On 31 August a new law was published in the Journal of Laws amending the provisions of the Industrial Property Law. The amendment comes into force on 1 December 2015. Though it is primarily technical in nature, it entails some crucial changes set out below.
United we stand…
One of the most important changes regarding Polish trademark law is the introduction of so called “letters of consent,” which allow for the registration of certain subsequent trademarks but which may be potentially misleading with regard to the origin of goods and services that were protected under an earlier trademark. The amendment allows the registration of a trademark which is similar to the one previously registered or for the registration of which an application has been filed, provided the owner of an earlier trademark consents in writing to the registration of the later trademark.
The above should please entrepreneurs acting within capital groups. The changes in law involve the possibility for subsidiaries to acquire protection rights with respect to a trademark despite its similarity to the trademark of the parent company, which was registered earlier. So far the Patent Office has never allowed this to happen, despite the fact the subsidiary had a relevant permit to register such a trademark.
The justification of the draft law indicated that the introduction of letters of consent would enable the issuance of approximately 1000 more positive decisions with respect to the registration of trademarks which could not have been registered so far.
Industrial design still protected as a work…
It is worth noting Art. 116 of the Industrial Property Law has been repealed. The Article stipulated: “Products manufactured by means of an industrial design and put on the market after the lapse of the right in registration granted for such a design shall not benefit from the protection of author’s economic rights in a work under the provisions of the copyright law.” When the amendment to Industrial Property Law enters into force — and the above mentioned provision ceases to have effect — industrial designs will still be protected as works on the basis of the Copyright Law. So far, upon expiration of the right in registration that lasted longer than 25 years, the design stops being protected by copyright. The amended provisions protect designs to which the registration has expired. It should be noted copyright protection lasts up to 70 years after the author’s death, i.e. much longer than the possible protection resulting from the provisions of the Industrial Property Law. Notwithstanding the above, the designs may be protected under the Act on Combating Unfair Competition.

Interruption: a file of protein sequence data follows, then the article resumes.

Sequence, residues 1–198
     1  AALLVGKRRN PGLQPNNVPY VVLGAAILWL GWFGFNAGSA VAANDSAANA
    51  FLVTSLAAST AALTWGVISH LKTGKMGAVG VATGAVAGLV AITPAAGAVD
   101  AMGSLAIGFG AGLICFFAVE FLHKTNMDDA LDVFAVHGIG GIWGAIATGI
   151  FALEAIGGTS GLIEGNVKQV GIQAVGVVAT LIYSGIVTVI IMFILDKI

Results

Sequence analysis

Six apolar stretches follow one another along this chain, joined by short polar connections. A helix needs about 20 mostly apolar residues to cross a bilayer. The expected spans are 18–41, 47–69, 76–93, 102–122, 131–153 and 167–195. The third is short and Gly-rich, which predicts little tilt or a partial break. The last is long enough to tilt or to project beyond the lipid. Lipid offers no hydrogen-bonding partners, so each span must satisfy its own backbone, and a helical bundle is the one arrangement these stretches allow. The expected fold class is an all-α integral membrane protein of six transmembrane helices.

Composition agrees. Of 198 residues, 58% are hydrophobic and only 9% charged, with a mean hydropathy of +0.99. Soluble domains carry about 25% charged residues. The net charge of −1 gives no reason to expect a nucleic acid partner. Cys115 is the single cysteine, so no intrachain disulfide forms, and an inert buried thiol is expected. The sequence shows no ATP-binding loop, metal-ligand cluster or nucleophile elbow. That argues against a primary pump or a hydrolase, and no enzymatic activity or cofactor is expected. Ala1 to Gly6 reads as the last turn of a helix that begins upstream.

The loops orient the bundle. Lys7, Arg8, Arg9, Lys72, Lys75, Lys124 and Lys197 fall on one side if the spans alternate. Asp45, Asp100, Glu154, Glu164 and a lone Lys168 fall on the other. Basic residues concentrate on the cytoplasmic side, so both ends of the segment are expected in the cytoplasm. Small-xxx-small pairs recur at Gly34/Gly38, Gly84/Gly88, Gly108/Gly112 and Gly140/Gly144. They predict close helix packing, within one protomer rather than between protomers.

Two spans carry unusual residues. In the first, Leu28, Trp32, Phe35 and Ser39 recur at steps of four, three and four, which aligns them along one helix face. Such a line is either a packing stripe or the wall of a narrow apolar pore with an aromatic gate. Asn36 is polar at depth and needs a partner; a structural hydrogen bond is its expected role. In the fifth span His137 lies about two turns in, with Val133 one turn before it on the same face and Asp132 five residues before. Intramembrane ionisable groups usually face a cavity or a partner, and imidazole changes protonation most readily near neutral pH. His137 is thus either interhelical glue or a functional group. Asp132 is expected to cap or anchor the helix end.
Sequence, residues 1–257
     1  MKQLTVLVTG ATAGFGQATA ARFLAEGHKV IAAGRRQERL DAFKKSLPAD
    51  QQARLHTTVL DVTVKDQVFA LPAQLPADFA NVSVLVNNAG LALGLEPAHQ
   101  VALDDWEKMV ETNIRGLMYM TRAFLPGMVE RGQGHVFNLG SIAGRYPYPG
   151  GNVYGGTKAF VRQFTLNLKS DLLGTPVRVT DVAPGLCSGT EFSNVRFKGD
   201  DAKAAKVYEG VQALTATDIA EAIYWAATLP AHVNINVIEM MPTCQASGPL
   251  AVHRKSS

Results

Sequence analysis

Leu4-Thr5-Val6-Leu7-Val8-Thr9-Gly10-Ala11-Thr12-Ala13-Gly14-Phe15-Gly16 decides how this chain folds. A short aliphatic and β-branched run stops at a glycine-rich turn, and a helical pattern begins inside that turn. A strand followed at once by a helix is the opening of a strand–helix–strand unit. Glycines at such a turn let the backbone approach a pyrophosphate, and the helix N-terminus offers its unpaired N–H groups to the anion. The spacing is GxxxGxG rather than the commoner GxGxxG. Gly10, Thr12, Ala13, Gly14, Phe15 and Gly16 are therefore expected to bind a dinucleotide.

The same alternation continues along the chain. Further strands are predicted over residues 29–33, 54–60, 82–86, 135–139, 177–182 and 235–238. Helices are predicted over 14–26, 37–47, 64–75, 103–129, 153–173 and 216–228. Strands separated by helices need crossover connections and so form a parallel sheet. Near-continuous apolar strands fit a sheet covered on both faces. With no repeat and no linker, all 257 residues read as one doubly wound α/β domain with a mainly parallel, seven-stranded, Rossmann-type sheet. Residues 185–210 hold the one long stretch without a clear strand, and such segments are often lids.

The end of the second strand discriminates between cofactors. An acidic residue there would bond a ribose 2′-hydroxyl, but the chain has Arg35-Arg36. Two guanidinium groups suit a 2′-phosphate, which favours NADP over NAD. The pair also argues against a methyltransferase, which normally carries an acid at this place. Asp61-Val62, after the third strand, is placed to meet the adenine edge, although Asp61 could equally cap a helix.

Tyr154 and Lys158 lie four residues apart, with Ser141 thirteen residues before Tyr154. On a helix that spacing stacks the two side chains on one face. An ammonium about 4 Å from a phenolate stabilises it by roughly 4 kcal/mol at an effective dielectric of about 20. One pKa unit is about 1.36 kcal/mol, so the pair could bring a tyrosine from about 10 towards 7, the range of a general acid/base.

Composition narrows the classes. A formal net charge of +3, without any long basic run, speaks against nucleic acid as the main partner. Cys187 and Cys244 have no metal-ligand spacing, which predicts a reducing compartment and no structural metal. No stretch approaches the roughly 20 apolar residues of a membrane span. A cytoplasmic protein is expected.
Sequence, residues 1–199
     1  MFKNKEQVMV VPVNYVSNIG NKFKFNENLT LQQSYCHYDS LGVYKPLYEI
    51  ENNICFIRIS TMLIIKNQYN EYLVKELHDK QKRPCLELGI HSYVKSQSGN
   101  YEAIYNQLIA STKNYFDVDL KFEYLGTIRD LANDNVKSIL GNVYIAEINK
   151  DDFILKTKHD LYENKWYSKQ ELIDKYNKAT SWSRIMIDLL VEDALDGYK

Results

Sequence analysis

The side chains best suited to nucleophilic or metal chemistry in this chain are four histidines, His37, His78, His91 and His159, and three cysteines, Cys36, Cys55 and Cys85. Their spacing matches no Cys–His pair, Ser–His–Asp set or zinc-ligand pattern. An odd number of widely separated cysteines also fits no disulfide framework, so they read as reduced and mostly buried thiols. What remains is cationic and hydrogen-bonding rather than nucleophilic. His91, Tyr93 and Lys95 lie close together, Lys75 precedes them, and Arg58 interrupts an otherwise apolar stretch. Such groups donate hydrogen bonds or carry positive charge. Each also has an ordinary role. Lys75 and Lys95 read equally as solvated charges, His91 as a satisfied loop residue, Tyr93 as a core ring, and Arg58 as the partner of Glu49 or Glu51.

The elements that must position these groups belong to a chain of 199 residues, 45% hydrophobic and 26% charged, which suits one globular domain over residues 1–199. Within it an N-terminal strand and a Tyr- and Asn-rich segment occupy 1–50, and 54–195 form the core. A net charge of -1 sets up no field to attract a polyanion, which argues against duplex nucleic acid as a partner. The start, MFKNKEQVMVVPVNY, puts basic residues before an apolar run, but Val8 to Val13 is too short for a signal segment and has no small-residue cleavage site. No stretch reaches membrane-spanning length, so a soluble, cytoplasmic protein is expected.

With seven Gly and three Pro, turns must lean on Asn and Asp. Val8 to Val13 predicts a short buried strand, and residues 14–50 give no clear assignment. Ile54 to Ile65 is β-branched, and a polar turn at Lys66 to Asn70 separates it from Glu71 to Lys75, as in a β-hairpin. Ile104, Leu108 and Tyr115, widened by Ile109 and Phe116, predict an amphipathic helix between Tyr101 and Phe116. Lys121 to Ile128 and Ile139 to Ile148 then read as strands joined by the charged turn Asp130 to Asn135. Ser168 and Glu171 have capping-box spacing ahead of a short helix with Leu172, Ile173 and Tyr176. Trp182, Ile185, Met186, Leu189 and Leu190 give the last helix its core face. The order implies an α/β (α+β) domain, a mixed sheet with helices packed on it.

The above solution seems to have been inspired by the ruling of the Court of Justice of the European Union of 27 January 2011 in the case Flos SpA vs Semeraro Casa e Familia SpA (C-168/09), in which the Court of Justice stated that the regulations of EU directive 2006/116/EU on the term of protection of copyright and certain related rights preclude the regulations of a member state that exclude the designs which have already been registered from being protected under the Copyright Law.
When a disloyal employee discloses the substance of an invention…
A crucial change in patent law is the introduction of so called “novelty relief.” It is well established patents are given for inventions that are new, which means inventions that have been previously disclosed are excluded from patent protection.
Introduction of the above mentioned relief means the possibility to receive a patent for an invention or protection for a utility model (so called minor invention) despite it having been disclosed publicly by third parties, i.e. despite it being no longer new under the legal definition. However, the disclosure has to result from an obvious abuse towards the submitting party or its legal predecessor. Further, an application for such invention must be submitted no later than 6 months from its disclosure.
The changes entering into force on 1 December should be regarded as positive. Apart from them, the 3rd deregulatory law is now undergoing its own legislative path. It also provides for amendments to the Industrial Property Law. One of the most important changes is authorising advocates and legal advisors (on equal footing with patent attorneys) to appear in the Patent Office of the Republic of Poland within the scope of filing and considering applications and maintaining protection of trademarks.